A ‘double dip’ recession can be avoided

BANK of England governor Mervyn King’s warning of a “choppy” recovery in the UK, accompanied by similarly cautious comments from the across the Atlantic, sent stock markets in London and elsewhere into reverse last week.

But the risk of a “double-dip” recession is still a long way from being as inevitable as some of the gloom-merchants would have us believe.

It is true there is wide agreement that the scale of recovery seen in the UK, and the rest of Europe, during the second quarter of 2010 is likely to be “as good as it gets” for now.

By any standards, however, it has been pretty good.

Germany, an important market if the UK is to achieve the much-needed export-led recovery (as opposed to the debt-funded growth in the consumer sector we have seen in the past), saw its GDP grow by 2.2% during the second quarter.


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This is exactly double the current estimate of 1.1% for the UK which, even so, represents our best quarterly performance for four years.

Last week’s upward revision of data for the construction sector suggests that the overall figure might yet be upgraded to 1.2% which, if confirmed, will be the strongest growth rate seen in the UK since the same figure was achieved in the first quarter of 2001.

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Lower, but still relatively solid growth, was also achieved by a number of other European economies, France, Belgium, Austria and the Netherlands, although Greece remains deep in recession.

Overall, however, the prospects for UK exporters in our nearest overseas markets appear relatively bright, with the faster-growing economies of the emerging nations further afield also representing substantial opportunities.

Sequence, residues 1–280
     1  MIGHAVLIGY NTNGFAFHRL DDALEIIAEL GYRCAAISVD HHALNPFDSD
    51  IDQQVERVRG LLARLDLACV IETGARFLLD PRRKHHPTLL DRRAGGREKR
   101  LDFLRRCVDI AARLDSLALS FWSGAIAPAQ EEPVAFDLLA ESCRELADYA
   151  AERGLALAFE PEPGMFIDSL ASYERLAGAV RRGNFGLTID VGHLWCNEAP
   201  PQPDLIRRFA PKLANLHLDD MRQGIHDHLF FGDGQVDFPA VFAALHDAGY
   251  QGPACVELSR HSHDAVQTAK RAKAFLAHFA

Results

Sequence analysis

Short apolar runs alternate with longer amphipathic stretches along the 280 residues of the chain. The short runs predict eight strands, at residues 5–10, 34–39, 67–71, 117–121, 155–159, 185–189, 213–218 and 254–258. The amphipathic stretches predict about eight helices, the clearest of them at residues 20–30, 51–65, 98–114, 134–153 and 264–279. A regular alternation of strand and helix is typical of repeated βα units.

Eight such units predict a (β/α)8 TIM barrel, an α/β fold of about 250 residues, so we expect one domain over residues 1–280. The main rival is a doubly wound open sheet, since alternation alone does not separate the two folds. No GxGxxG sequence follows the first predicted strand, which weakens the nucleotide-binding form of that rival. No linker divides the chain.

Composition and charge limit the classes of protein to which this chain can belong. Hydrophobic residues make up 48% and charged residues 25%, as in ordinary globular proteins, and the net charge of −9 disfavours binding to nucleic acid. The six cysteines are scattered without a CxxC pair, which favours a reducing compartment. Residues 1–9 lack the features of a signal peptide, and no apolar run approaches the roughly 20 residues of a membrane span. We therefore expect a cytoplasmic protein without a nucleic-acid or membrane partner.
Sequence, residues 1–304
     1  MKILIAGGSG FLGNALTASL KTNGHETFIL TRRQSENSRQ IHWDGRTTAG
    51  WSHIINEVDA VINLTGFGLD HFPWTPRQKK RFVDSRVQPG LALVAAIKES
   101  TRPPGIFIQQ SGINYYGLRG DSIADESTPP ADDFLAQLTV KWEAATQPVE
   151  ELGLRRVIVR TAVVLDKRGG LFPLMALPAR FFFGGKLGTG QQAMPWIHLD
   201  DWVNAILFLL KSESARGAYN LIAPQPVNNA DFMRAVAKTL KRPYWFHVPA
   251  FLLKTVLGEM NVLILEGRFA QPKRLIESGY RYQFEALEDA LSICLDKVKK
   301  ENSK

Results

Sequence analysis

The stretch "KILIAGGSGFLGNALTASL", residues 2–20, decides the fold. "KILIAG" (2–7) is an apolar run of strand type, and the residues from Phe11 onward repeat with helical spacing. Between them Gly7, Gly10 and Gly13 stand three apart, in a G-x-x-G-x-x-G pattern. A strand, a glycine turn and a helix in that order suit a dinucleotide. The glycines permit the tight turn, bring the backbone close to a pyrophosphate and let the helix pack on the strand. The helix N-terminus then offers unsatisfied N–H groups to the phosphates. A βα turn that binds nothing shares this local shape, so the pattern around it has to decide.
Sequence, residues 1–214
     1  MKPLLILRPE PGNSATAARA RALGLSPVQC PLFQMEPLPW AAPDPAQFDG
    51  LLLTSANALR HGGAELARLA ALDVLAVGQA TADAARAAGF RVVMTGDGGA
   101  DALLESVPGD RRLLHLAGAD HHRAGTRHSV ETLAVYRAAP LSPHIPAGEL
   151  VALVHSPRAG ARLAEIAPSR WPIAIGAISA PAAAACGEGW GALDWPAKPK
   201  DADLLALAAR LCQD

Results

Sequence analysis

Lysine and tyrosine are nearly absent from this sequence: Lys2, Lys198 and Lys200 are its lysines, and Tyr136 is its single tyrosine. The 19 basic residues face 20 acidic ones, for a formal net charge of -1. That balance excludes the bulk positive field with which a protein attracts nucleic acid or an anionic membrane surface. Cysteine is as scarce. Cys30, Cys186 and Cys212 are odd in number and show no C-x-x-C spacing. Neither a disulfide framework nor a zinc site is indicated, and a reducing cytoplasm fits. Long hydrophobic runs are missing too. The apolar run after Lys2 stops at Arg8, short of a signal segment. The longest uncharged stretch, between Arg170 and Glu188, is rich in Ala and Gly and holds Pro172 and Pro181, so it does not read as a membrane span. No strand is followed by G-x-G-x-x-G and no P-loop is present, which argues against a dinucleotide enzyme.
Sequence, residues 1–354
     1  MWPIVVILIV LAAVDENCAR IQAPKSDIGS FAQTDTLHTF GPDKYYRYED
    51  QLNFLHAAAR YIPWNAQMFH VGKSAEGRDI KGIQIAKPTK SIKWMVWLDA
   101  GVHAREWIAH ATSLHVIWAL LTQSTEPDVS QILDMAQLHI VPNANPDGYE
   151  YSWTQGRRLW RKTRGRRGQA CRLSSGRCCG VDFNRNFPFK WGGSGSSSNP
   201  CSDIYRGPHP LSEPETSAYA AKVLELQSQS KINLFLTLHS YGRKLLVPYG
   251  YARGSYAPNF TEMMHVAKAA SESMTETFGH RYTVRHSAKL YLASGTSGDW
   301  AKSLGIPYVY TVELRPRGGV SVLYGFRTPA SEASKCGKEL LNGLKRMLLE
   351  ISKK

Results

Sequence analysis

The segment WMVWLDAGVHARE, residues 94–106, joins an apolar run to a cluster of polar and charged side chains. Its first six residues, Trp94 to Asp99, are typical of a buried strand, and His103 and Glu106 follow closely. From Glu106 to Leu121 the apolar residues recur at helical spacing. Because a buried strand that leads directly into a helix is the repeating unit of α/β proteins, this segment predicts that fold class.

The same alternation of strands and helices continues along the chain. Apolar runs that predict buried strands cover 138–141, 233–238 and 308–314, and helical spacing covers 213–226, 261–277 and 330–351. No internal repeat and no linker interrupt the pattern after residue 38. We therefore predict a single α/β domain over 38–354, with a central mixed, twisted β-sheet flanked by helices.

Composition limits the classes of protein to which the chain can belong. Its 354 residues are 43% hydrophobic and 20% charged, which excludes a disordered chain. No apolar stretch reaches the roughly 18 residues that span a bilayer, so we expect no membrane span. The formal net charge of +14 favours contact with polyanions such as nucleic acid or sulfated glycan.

It is, of course, inevitable that growth rates across Europe will fall during the second half of the year as government austerity measures start of take effect.

However, the data for the second quarter shows that the public sector has already ceased to be an engine for growth in the UK and so, while Government cuts will certainly see the overall growth-rate fall, there is every reason to believe that the private sector will keep GDP in positive territory.

The biggest threat will come if the Bank of England loses its nerve over inflation and raises interest rates, which would add to the recent strengthening of the pound and make our exports less competitive.

The minutes of this month’s Monetary Policy Committee discussion, due out tomorrow, will make interesting reading but the likelihood is that the views of committee “hawk” Andrew Sentance, who has favoured a quarter point rise at recent meeting, will have been balanced by other members who believe that further stimulus for the economy may yet be required.

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